Inaccurate science stories will not go away unless more scientists talk to journalists

Misleading or incorrect science stories regularly appear in the media. 

Most of these inaccurate stories appear not because the journalists have any axe to grind but because they do not have a sufficient grasp of the topic and don’t speak to the right people. Some may not have bothered to contact a scientist, but many will have tried and found the ones they called weren’t available or couldn’t help within the very tight timeframe; often only an hour or two. 

There are several organisations tackling this problem of getting accurate, evidence-based stories into the media. The RSC and the Royal Society can find experts to comment on a story or provide helpful background explanation.

The Science Media Centre is another. It was first mooted in response to the House of Lords science and technology select committee’s report on science and society in 2000. The centre focuses on the stories that hit the headlines in national newspapers. These stories are often covered by non-specialist reporters and the centre aims to be proactive in getting information and key contacts to the journalists. The centre also trains scientists who are keen to engage with the media but who have no experience of doing so. 

Last month, Sense about Science (a charity that promotes an evidence-based approach to scientific issues) published a briefing document, Making sense of chemical stories, aimed at lifestyle journalists writing for women’s, supermarket and health magazines. The document addressed six of the most prevalent misconceptions about chemicals in lifestyle commentary, including: man-made chemicals are inherently dangerous; you can lead a chemical-free life; and it is beneficial to avoid man-made chemicals. The document also explains the language used by chemists.

This is the first time chemists have targeted this sector of the media. There was considerable interest from journalists, and Sense about Science is getting a couple of calls a day as a result of the document, from journalists asking for background information or help with stories.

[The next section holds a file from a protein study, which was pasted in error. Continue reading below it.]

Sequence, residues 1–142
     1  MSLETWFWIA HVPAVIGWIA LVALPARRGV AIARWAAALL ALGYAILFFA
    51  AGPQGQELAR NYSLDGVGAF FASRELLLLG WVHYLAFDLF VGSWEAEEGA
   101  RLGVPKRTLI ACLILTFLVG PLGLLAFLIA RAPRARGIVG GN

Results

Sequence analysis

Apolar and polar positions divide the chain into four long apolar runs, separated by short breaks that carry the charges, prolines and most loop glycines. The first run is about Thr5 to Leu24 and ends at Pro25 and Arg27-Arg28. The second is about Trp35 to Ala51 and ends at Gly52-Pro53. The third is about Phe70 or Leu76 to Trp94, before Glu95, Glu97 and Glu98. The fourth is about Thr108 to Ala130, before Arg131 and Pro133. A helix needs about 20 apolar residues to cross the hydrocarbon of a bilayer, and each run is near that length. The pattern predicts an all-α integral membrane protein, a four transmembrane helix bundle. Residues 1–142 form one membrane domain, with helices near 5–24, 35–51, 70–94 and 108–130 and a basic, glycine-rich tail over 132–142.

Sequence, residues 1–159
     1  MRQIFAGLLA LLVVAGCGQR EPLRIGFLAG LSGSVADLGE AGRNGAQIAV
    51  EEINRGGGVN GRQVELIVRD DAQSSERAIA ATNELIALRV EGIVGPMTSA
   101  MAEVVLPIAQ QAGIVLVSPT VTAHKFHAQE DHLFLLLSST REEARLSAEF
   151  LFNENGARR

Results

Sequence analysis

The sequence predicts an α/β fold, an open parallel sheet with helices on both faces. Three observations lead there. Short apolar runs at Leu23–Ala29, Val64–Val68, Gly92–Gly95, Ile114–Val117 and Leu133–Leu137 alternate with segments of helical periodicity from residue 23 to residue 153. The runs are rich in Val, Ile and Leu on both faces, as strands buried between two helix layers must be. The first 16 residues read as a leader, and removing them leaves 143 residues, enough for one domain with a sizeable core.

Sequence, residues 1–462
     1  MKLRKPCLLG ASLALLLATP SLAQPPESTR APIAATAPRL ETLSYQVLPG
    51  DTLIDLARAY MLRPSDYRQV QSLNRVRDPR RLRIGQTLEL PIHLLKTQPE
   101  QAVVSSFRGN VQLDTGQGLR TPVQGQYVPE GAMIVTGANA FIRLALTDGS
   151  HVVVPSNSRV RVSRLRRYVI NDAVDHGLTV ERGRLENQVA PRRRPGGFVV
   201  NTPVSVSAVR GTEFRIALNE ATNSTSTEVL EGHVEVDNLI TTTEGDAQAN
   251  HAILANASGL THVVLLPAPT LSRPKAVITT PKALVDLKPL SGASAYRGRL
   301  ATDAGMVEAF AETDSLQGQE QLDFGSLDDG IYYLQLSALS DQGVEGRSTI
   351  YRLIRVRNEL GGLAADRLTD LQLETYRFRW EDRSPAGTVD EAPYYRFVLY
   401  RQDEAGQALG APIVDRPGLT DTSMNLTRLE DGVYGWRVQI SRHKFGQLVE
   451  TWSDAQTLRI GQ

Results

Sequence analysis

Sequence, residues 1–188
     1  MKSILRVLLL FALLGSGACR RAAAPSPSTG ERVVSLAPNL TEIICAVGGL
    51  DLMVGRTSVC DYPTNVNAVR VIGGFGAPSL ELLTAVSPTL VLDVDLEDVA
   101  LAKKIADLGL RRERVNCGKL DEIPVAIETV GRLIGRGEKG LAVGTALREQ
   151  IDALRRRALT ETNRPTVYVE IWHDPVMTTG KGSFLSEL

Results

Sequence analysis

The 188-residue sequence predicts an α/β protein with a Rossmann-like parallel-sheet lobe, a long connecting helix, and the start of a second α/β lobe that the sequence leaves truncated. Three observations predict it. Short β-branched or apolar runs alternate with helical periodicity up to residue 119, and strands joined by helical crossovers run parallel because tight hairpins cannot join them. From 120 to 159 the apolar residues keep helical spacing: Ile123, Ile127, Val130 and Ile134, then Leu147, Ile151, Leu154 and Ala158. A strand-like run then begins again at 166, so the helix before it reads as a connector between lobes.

These initiatives are a start but are clearly not enough. There are still plenty of journalists, especially in regional papers and on local radio stations, for whom there are no such services. 

Much more could, and needs to, be done. It’s not just about funding more groups to provide these services or expanding those that exist. More scientists need to be put themselves forward to talk to the media, either directly, or through organisations such as the RSC or the Science Media Centre. Employers, universities and societies, such as the RSC, need to encourage scientists to come forward. 

The Science Media Centre has 1500 scientists on its database. That may sound like a lot, but for an individual topic they may only have a few contacts to call on when a story hits the headlines. These people have to be willing and able to drop everything and spend the day doing interviews.

Journalists have deadlines to meet. They need an expert who is able to talk immediately and who will say something strong. If there is no one available, the story won’t go away, it will just be written without that expert input. 

Karen Harries-Rees